April 18, 1865: A Leader Lies in State

We continue this month’s series of diary entries from Isabella Wunderly Campbell, who became Wyoming’s first lady in 1872. Isabella was a 19-year-old  living in Washington, D.C., during the eventful April of 1865. Her daily diary entries give insight into her experiences during the final days of the Civil War, which ended 150 years ago this month.

April 2-9
April 10
April 11
April 12
April 13
April 14
April 15
April 16
April 17

April 18, 1865 (WSA Isabella C. Wunderly diary, Campbell Collection, C-1049)

April 18, 1865
(WSA Isabella C. Wunderly diary, Campbell Collection, C-1049)

Tuesday, April 18, 1865

Today the remains of the lamented dead have been lying in state in the Executive Mansion. The crowd has been terrific. Mother, Mrs. Bonsall, and myself started to see him and strange to say succeeded in getting in. Never in my life shall I forget the awful solemnity which enshrouded the place the moment you crossed the threshold it came upon you. The most solemn stillness reigned throughout the house. The soft and shadowy light falling so gently on the placid features of the dead while the habiliment of mourning which invested the various apartments lately so radiant with bright and festive throngs caused me to think as I have never before.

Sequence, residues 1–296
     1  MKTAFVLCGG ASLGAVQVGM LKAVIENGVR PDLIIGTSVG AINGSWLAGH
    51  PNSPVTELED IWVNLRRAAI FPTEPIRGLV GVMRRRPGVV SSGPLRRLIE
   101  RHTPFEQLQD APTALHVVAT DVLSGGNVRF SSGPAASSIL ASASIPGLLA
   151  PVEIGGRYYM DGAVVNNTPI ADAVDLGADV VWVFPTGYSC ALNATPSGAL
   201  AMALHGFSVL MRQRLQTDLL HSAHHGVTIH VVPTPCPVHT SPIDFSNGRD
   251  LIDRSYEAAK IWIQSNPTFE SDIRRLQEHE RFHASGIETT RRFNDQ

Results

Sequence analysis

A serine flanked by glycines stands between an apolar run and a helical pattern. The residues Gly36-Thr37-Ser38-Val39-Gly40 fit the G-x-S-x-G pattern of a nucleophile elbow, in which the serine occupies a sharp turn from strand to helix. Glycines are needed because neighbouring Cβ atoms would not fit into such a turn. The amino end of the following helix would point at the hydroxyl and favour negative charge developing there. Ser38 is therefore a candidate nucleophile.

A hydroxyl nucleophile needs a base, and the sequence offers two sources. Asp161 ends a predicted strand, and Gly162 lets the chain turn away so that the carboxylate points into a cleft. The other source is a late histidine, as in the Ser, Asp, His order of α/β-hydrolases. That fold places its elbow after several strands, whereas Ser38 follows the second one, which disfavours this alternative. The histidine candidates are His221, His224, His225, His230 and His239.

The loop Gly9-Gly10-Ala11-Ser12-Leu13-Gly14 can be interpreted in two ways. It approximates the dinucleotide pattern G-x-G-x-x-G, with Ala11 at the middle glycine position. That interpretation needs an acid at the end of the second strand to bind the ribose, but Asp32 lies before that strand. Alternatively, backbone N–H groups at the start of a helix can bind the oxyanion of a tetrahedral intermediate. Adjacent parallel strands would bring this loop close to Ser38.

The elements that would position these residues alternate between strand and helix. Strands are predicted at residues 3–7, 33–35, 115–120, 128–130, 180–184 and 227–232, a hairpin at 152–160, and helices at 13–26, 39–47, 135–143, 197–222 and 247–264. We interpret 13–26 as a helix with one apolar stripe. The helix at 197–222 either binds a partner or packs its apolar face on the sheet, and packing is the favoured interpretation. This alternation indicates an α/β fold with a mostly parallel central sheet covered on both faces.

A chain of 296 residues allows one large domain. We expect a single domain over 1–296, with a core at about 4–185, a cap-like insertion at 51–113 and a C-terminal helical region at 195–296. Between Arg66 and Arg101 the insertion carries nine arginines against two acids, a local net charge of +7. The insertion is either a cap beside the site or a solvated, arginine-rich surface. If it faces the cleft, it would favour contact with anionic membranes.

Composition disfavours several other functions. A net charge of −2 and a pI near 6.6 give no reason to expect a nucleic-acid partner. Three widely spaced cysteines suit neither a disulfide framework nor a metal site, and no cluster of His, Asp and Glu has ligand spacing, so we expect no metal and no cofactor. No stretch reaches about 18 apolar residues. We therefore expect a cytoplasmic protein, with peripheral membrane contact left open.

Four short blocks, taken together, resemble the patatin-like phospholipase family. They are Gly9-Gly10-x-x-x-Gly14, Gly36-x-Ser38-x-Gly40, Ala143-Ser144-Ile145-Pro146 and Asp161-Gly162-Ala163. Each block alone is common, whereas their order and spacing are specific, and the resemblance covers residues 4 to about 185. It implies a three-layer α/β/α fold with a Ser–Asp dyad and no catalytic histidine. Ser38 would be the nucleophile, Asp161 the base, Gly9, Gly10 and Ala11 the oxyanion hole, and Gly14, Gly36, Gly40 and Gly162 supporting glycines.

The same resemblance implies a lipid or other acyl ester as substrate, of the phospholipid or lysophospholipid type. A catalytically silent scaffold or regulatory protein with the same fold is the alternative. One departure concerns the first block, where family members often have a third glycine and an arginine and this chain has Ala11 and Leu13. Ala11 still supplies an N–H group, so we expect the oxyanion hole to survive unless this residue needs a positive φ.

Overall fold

Lincoln's funeral in the White House on April 19, 1865, illustration in Harper's Weekly newspaper. (Library of Congress image)

Lincoln’s funeral in the White House on April 19, 1865, illustration in Harper’s Weekly newspaper.
(Library of Congress image)

Isabella, her mother and their friend, Mrs. Bonsall, were three of the thousands of people filing through the East Room of the White House on April 18th.

 

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Filed under Eyewitness to History, This Day in Wyoming History..., WSA Collection Highlights

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